A slide show activates as you browse photos and you can also view them while music is playing, though you then can’t make any adjustments to the music playing without going out of the photo.
Other options are the ability to view text files, and the in-built FM radio. This picked up a slew of stations quickly using the auto setting though you need to be outside to get decent reception. You can also record the radio just by pressing one button.
Battery life is rated at 12 hours, which is impressive considering the colour display, though if you’re making heavy use of the screen by browsing photos a lot you have to expect that to be reduced somewhat. There’s no way of seeing the remaining charge on the default menu screen – you have to actually go and start a song playing to see the power indicator.
Where the H10 does really well though is with its sound quality, which as we’ve come to expect from iRiver is superb. The bundled headphones are fairly unpleasant but using a decent set like my Koss Porta Pro’s and you’ll be treated to full bass and a clear and bright sound. It was even powerful enough to act as the music source for my Hi-Fi amp. You can also play with a number of sound presets for different types of music and there are SRS sound enhancements, which do have a marked effect on output.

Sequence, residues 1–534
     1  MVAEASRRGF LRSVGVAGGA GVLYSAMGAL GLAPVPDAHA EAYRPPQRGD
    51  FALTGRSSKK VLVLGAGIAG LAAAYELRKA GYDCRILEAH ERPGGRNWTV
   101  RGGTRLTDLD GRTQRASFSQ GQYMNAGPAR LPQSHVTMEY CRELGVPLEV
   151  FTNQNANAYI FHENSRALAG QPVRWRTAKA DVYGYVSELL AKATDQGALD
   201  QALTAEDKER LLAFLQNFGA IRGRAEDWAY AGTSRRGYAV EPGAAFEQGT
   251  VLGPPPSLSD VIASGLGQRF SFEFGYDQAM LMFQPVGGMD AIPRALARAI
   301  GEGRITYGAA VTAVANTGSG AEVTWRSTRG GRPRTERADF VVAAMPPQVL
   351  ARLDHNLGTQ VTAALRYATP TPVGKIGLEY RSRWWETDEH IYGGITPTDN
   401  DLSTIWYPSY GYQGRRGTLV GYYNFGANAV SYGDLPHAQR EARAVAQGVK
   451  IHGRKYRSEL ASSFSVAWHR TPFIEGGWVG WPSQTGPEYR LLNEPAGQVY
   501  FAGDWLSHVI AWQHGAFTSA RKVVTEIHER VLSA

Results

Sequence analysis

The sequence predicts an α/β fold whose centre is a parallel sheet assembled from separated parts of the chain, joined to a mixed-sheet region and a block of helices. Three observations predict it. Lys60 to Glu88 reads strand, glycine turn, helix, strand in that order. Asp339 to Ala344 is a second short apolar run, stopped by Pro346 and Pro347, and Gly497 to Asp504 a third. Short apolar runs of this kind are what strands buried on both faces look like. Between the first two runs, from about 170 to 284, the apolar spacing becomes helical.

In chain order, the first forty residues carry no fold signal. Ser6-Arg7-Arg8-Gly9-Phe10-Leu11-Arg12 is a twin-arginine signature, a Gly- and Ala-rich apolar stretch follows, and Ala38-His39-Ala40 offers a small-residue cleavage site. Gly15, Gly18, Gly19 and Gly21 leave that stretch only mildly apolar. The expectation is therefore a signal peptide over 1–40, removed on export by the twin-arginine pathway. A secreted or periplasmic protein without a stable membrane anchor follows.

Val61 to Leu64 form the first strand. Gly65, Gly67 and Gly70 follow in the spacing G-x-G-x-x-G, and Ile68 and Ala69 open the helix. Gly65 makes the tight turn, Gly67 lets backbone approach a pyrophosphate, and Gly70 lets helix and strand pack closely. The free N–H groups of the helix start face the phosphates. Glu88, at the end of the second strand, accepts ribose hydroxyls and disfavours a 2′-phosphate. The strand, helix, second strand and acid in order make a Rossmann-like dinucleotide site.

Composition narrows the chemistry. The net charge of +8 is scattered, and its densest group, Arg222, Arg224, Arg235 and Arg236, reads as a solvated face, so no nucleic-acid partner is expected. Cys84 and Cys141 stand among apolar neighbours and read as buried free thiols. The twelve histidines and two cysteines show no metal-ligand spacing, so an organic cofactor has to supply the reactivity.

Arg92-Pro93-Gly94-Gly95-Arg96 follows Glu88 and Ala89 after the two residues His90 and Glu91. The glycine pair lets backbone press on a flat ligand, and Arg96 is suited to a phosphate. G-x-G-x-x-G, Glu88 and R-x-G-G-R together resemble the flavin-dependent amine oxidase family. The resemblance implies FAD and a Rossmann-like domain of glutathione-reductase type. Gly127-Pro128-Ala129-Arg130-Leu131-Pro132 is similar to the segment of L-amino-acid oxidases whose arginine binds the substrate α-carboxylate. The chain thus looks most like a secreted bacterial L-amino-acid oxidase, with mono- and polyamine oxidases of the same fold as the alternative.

I really wanted to like the iRiver H10. On paper at least, its beats both the mini and the Zen with its feature set. It’s small, it’s light, it’s capacious, it sounds great and the price is right. However, there are so many rough edges that it’s just going to drive people back to one of the other options from Creative and Apple. Not being able to play albums in the correct track order without jumping through hoops is plain bizarre, as is requiring a USB connection to charge. The colour screen in practice is more of a gimmick than an essential feature, and if you’re looking to the H10 as a portable photo viewer you’ll likely be disappointed.
We had high hopes for the H10 but numerous idiosyncrasies keep it well away from reaching an award podium. Creative will be releasing its colour screen enabled Zen Micro by the middle of the year, and iRiver has until then to sort out the flaws and up the screen resolution. If it can do that, it might have a real contender on its hands.